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CamGuides: Software for Academic Use


Calendars and scheduling

A weekly planner on a desk, with a calendar on a phone, some pencils and a pair of sunglassesIf you don't already use an online calendar, this might be the time to get one. (Or, at the very least, a paper diary). Graduate life is usually exceptionally busy: with lectures and supervisions, attending events, getting involved in societies, and so much more. Setting up systems now to keep track of all of these events will be time extremely well spent.

There are several options available in terms of online calendars. You might be looking for something to sync with your devices, or your emails; something you can share with family, friends or coursemates; or just a really simple, straightforward one. Here are some recommendations.


  • Microsoft Outlook calendar: this comes automatically with your Cambridge email, and syncs with your email and contacts. You can use this to invite others to meetings and appointments, share calendars with coursemates. You can view your calendar both online and via the Outlook app for iOS and Android.
  • Google Calendar: syncs with a gmail account, shareable with others, and gives you the possibility of having multiple calendars. This is available as an app for iOS and Android too, and it also integrates with several other calendar apps (e.g. TimeTree, Readdle's Calendar 5) if you don't like the Google Calendar app. 
  • Or try one of the many, many apps available: TimePage, DigiCal, and more.


I have used my Google calendar more than I ever have in my life, that's for sure.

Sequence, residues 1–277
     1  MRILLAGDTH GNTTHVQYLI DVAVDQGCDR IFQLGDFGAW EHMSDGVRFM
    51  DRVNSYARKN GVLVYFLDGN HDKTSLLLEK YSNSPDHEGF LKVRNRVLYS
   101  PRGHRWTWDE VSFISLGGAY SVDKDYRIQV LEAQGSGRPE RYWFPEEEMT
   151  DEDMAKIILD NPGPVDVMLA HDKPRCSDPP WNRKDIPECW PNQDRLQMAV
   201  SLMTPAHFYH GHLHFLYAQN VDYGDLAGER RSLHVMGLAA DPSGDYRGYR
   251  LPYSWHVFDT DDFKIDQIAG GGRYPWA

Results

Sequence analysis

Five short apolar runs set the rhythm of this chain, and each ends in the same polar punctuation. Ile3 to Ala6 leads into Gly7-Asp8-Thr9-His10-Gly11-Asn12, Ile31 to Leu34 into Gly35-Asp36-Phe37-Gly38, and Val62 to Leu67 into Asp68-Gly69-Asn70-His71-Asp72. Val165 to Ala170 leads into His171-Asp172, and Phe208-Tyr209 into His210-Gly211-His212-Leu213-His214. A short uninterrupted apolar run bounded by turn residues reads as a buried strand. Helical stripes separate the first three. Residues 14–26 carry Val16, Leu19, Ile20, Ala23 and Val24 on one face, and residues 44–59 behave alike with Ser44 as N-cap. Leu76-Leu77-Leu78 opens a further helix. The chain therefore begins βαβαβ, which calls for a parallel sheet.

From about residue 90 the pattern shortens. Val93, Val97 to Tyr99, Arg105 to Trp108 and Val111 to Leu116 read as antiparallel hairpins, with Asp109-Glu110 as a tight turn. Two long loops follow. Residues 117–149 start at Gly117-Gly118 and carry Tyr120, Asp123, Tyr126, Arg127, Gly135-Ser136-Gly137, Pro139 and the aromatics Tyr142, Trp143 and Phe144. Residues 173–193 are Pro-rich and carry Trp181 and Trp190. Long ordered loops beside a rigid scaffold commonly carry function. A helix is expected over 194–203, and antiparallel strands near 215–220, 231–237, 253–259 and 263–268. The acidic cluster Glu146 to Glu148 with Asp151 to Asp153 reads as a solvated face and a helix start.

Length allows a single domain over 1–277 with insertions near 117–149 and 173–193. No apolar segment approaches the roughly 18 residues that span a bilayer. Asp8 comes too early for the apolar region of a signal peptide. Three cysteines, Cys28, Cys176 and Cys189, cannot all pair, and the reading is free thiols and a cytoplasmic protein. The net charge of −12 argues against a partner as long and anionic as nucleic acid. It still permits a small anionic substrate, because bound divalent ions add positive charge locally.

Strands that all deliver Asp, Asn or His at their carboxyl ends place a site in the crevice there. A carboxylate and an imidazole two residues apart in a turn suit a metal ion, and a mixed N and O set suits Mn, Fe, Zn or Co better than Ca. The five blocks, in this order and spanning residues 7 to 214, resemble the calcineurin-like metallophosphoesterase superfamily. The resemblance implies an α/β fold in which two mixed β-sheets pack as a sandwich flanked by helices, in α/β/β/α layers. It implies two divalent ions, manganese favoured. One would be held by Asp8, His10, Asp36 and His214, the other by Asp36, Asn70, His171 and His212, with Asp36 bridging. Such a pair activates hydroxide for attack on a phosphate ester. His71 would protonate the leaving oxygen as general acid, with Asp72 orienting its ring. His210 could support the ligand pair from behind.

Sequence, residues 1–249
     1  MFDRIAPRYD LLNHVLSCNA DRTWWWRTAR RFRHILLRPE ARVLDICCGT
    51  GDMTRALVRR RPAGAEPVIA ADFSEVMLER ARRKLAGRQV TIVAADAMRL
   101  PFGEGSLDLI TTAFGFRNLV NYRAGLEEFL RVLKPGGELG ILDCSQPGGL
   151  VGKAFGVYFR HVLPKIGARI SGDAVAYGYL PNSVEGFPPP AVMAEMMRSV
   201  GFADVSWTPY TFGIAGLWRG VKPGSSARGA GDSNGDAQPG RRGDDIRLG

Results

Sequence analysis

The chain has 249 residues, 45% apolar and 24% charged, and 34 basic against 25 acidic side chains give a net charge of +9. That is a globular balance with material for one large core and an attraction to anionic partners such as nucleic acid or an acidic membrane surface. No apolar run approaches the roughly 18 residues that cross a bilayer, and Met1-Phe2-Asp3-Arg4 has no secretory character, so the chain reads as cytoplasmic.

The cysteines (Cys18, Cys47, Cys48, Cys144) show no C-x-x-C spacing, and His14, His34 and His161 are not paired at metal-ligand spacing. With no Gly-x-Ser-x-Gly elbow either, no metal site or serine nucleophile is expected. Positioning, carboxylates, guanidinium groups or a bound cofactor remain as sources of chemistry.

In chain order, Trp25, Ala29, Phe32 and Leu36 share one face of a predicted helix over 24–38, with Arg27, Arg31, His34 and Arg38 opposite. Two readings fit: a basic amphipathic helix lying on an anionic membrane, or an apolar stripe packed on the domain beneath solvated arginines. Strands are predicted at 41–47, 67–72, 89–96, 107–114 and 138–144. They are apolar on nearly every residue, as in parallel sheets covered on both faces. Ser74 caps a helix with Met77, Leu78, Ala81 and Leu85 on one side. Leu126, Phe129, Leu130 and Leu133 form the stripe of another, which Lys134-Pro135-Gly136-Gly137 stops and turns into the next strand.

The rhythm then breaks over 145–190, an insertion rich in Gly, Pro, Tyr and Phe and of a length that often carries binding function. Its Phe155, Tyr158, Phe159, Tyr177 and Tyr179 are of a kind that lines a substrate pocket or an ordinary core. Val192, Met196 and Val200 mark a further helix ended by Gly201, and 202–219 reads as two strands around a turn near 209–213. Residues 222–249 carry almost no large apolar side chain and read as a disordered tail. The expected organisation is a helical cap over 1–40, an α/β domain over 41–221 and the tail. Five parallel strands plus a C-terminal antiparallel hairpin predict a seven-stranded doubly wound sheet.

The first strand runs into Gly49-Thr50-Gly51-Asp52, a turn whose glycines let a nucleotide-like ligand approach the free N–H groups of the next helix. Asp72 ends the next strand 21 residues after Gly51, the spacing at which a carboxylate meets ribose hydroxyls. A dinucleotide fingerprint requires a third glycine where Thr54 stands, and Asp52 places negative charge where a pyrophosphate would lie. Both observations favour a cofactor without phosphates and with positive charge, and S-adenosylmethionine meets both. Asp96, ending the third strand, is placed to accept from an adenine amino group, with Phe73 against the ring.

- MPhil (Part III) Maths student


Keeping on top of your workload

Some people working at computers, around a table, with coffeeThere are many ways in which you can use software and apps to help you stay on top of your workload. There are to-do list apps, project management software that you can use as an individual, ways to track how much time you're spending on your various commitments, and more. 

Think critically about these options - and what you feel you actually need the functionality to be for you.



  • On the simpler end of the to-do list spectrum is Workflowy. It looks like a basic Word document - it's a single list, organised by bullet points, and as you 'complete' something it comes off your list. If you just want to be sure that you don't forget to do something, this might be all you need.
  • Other to-do list apps will allow you to prioritise the items on your list: for example, both Todoist and Wunderlist will allow you to set daily goals and targets, will send you reminders, and more.
  • Some are focused fully on your daily goals: Microsoft's To Do focuses around what you need to achieve on a particular day.
  • Trello is really designed for project management but works well for individuals too, especially if you have longer terms projects or assignments.


Image credits

image #1: CC0 by Marjiana1 via Pixabay; Image #2: CC0 by rawpixel via Pixabay; Image #3: CC0 by Sonja Langford via Unsplash

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